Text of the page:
Bird Box continues between these two timelines to further develop Malorie, who mostly interacts with Douglas — standing up to him when he refuses to let anyone else into the house (which he doesn’t even own!), proving to him that she knows her way around a gun — and who grows increasingly closer to Tom (who teases that she looks like his “hot babysitter”; the chemistry between Rhodes and Bullock isn’t perfect, but it’s enough). Bullock is clearly the star here, and she does well selling the transition of the character; there’s a real Sigourney Weaver-like “take no shit” approach to her portrayal of Malorie that I appreciated.
And although, yes, the images of Bullock and other characters in blindfolds may bring to mind the similarly high-minded A Quiet Place, which denied its characters speech much like Bird Box denies them sight, I must admit that I respected Bier’s film in a different way, for being a little messier, for refusing to explain its central mystery, for being a little more cynical about the nature of parenthood than A Quiet Place was. John Krasinski and Emily Blunt in A Quiet Place were perfect parents (although I still don’t understand why they would choose to have another child in a world where vicious aliens are just killing people left and right), but Malorie in Bird Box isn’t that excited about parenthood. She’s unsure of whether she wants a child; when the “Problem” hits and the world starts going to shit, she realizes immediately how even more difficult her experience of motherhood will be.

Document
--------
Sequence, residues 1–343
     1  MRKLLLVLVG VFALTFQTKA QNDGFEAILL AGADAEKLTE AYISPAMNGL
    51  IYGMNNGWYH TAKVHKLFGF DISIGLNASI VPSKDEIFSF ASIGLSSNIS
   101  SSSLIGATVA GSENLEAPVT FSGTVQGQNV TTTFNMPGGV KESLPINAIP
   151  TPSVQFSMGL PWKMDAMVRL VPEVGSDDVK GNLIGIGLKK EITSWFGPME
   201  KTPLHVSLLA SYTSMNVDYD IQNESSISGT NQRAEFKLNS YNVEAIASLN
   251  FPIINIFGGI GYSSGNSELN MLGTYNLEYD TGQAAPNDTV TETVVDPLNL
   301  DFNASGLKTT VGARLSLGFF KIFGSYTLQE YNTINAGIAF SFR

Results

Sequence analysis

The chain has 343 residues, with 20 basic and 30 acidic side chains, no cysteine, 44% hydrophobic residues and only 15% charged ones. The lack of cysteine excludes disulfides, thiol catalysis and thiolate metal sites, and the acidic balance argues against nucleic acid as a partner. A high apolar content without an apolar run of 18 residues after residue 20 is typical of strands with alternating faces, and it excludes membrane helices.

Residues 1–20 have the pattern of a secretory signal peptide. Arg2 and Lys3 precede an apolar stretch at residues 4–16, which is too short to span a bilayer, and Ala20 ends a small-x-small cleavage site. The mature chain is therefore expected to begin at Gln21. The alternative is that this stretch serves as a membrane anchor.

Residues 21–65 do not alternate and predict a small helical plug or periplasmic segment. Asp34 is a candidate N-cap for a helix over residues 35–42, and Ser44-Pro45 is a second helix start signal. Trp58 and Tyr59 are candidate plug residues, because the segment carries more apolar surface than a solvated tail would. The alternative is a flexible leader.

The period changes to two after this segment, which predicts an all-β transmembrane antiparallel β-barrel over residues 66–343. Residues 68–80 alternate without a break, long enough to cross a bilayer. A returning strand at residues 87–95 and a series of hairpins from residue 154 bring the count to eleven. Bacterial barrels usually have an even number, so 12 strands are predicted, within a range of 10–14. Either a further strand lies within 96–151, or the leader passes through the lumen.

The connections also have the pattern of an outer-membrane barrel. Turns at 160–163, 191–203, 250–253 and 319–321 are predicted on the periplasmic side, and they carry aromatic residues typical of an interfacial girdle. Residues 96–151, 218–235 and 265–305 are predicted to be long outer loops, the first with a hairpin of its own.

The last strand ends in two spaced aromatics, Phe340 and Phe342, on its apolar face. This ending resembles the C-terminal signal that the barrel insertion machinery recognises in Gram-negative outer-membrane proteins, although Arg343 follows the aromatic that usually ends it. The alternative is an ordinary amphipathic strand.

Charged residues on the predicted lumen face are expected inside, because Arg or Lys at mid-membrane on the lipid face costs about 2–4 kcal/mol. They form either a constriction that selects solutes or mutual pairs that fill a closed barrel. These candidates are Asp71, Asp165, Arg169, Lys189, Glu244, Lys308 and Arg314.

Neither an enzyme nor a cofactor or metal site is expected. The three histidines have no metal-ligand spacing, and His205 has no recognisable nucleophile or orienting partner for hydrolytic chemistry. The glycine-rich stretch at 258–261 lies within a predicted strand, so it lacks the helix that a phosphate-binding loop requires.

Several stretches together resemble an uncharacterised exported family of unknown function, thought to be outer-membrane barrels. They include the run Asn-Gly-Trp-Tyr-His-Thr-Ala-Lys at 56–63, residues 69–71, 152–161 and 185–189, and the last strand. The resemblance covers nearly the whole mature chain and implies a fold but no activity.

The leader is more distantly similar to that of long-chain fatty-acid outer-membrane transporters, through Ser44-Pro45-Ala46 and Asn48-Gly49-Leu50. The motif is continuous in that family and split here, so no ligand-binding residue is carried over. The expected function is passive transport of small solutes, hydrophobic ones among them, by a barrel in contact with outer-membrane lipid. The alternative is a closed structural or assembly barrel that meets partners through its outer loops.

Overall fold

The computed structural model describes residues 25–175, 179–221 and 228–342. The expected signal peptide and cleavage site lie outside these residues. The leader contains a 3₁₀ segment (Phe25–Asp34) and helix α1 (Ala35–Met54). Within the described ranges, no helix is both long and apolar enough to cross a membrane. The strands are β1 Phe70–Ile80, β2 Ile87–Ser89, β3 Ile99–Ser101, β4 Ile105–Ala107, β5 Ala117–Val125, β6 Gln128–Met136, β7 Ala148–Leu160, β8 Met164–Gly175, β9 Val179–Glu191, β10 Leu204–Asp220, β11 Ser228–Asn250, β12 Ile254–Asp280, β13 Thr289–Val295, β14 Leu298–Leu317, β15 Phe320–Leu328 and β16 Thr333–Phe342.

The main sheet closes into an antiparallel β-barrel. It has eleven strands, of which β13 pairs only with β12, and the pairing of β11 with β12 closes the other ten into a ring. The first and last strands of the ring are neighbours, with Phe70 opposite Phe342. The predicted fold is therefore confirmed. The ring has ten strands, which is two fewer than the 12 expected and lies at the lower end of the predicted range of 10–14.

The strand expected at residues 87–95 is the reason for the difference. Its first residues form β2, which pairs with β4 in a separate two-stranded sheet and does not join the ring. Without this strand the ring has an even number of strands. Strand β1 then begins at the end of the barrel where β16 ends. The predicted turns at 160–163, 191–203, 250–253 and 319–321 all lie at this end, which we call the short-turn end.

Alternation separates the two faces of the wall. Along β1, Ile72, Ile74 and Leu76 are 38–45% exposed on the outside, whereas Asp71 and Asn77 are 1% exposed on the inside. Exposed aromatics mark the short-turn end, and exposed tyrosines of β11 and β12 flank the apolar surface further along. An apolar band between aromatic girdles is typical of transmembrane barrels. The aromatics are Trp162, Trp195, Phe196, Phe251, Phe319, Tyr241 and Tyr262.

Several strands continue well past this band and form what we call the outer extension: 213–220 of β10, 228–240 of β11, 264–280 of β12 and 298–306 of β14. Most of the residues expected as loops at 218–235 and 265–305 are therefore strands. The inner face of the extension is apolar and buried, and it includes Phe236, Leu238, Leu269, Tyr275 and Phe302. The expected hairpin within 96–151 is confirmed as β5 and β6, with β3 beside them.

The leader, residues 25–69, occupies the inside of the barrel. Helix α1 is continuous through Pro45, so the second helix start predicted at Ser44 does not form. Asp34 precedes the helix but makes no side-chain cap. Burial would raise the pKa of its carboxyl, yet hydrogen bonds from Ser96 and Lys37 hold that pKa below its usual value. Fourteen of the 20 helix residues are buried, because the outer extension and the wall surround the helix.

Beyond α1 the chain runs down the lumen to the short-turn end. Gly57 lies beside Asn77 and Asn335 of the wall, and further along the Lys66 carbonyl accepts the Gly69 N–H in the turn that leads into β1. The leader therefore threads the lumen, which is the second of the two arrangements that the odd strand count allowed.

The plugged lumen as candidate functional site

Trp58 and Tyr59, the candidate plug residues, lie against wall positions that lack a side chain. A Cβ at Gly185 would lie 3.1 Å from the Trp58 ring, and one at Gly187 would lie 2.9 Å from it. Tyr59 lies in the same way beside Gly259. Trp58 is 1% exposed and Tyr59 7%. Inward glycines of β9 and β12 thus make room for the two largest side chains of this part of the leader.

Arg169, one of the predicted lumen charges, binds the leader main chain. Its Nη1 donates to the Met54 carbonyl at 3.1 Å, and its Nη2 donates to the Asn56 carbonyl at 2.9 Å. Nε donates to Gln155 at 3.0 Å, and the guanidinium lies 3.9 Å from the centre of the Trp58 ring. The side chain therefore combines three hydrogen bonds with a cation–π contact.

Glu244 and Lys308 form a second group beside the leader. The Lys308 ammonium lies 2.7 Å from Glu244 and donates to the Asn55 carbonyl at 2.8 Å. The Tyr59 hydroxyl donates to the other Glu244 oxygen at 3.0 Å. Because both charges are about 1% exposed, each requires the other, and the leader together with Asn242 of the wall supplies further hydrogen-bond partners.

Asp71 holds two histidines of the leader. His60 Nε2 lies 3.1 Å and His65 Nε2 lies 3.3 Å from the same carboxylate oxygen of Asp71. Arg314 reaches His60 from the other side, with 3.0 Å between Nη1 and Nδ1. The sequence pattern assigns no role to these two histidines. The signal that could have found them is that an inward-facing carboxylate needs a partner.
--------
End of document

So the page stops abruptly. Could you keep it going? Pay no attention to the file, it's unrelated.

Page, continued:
Yet Malorie refuses to let herself, or anyone else in that home, get pushed around or bullied by Douglas. She grows into being a leader; she pushes against Douglas’s reasoning that “in the end, there are only two people: the assholes and the dead”; and she develops a method of motherhood that may seem brutal but is intent on survival. She merges love and practicality together in a way that still acknowledges the way parenthood can sometimes deny you of self.
Bullock’s great performance aside, Bier’s film, adapted from the 2014 novel by Josh Malerman, is a little uneven; there’s a subplot involving how certain people (including the criminally insane) can see the “Problem” and not get affected by it that feels a little exploitative, and some of the dialogue by Eric Heisserer (who previously wrote the 2011 remake of The Thing, 2016’s surprisingly OK Lights Out, and the excellent Arrival, and is uncredited on the very bad Netflix movie Extinction) is clunky and cliched. But the music by Trent Reznor and Atticus Ross is suspenseful, the cinematography by Salvatore Totino really frames what Malorie and the children are facing during this river journey, and the spookiness of invisible beings urging you to harm yourself and others is, while familiar (I’m thinking of a particular X-Files episode here), nevertheless effective.
“Someone has to look,” Malorie says, and the idea of sacrifice is a common theme throughout Bird Box: What else are the people who are hurting themselves doing than sacrificing themselves to the will of these unseen entities? Isn’t putting herself in danger to protect these children exactly what Malorie is doing, too? But what is worth the loss of self, and what isn’t? Maybe there’s a simple answer to that, but Bird Box complicates it enough to make it quite compelling.
(I will say that both Bird Box trailers give a good amount of the movie away, so, head’s up on that.) Bird Box premieres on Netflix on December 21, 2018.
Image sources (in order of posting): Netflix Media Center, Netflix Media Center, Netflix Media Center, Netflix Media Center